York is set to adopt Lviv as a sister city in a show of solidarity with the Ukrainian people as their country continues to come under heavy attack by the Russian army.
Councillors want to extend their support after the mayor of the city, Andriy Sadovyi, visited York in November to discuss shared cultural, economic and local government links.
In a motion titled York Stands With Ukraine, Liberal Democrat Cllr Darryl Smalley will ask councillors if they want to start the process of becoming a sister city.
There have already been several symbolic displays of support for Ukraine across York, including lighting the city in blue and yellow, flying the Ukrainian flag and the organising of support rallies.
Since its creation in 1956, Sister Cities International has worked to create global relationships based on cultural, educational, information and trade exchanges, leading to “lifelong friendships that provide prosperity and peace through person-to-person citizen diplomacy.”
York has twin and sister city relationships with Dijon, in France, the German city of Munster and Nanjing in China, as well as a ‘temporal twinning’ with the tenth century Viking settlement of Jorvik, the foundation upon which the modern city is built.
An official twinning with Lviv was not considered appropriate currently as the process takes more time and work than creating a sister city relationship.
Executive member for culture, leisure and communities Cllr Smalley’s motion reads: “York stands with Ukraine and its people in their fight to maintain democracy and self-determination as a nation, those affected locally with relatives caught up in the hostilities having to escape the war, and with those Russians who are not responsible for this war, many of whom bravely speak out against it.”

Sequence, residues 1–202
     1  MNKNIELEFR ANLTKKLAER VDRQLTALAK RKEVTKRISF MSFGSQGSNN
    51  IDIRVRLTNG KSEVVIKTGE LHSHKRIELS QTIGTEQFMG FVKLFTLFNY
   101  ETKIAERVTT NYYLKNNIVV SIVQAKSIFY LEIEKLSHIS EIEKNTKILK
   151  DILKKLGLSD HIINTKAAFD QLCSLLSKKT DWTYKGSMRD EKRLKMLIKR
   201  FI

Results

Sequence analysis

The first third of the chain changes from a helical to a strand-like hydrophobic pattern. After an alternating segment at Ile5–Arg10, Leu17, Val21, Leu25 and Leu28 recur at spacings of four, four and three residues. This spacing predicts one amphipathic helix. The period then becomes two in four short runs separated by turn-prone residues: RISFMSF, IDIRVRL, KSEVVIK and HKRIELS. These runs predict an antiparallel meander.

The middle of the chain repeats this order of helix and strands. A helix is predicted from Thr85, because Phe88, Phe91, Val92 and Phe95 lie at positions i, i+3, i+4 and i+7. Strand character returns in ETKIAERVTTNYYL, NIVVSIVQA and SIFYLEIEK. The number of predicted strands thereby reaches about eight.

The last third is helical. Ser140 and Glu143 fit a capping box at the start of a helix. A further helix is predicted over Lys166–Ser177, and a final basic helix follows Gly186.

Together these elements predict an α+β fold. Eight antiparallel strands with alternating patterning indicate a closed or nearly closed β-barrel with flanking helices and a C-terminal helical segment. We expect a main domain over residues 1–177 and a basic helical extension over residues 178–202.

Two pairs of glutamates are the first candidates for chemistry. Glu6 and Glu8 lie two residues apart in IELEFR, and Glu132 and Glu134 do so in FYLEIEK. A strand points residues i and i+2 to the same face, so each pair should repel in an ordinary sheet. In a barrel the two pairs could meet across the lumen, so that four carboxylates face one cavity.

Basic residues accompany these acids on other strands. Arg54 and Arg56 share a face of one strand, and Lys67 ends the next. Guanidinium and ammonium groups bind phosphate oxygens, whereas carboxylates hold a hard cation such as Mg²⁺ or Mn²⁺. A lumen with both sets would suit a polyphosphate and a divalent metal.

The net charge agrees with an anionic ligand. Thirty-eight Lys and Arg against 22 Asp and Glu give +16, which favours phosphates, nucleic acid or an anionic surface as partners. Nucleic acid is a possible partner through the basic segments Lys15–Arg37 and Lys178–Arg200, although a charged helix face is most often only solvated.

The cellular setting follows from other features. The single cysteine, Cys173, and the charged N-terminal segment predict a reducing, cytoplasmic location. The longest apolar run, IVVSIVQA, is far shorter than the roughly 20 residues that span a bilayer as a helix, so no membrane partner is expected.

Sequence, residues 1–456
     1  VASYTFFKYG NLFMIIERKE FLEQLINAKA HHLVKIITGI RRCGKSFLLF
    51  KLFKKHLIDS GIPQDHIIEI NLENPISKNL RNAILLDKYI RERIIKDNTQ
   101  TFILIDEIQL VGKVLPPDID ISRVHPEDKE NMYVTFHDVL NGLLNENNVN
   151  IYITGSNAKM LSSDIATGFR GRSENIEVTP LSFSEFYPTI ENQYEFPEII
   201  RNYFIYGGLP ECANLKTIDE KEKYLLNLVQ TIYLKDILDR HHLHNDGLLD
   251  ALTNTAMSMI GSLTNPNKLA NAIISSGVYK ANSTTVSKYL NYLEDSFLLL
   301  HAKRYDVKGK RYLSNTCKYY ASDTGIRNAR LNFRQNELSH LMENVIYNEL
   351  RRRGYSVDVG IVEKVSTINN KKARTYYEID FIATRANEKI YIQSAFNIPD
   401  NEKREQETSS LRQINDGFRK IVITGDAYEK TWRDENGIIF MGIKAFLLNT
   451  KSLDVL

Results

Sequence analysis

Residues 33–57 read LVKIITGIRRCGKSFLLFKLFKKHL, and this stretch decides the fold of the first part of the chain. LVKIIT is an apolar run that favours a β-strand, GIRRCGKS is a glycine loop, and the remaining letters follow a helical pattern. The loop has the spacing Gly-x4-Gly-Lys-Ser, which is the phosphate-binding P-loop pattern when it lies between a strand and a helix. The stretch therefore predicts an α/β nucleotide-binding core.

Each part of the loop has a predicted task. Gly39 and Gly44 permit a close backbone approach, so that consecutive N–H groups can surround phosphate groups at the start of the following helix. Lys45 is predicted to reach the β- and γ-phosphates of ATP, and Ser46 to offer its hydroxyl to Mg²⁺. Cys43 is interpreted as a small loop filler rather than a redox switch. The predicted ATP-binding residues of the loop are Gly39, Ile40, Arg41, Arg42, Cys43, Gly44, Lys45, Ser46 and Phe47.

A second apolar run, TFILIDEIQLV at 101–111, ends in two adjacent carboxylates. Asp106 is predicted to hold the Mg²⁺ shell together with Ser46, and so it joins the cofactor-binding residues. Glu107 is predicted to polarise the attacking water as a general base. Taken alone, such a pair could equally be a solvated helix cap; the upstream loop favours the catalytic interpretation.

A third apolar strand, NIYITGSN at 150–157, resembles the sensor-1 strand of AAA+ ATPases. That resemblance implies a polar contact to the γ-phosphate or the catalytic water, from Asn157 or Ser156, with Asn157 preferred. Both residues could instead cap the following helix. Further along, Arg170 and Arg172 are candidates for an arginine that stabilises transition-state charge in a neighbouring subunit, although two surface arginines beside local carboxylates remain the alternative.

The council is working closely with partners and charities across the city to provide information and support, including supporting City of Sanctuary to provide a locally-based Ukraine support group for Ukrainians in York.
York City of Sanctuary said over the weekend that they had received more than 200 offers of accommodation and help for Ukraine’s refugees.
Work has also begun with Migration Yorkshire to set in place the necessary preparations for welcoming refugees from Ukraine.
As part of the motion, the council is also set to continue flying the Ukrainian flag from the Mansion House, call on the York and North Yorkshire Local Government Pension Fund to divest itself of any Russian interests and call on the Government to ensure an open a simple, fast and safe route for refugees to come to the UK.
The motion is one of several to be debated at Thursday’s meeting of Full Council.
The Labour motions are about ending fuel poverty in York and ending the controversial employment practice of fire and rehire.
The Liberal Democrats are also proposing a motion about addressing York’s dental crisis.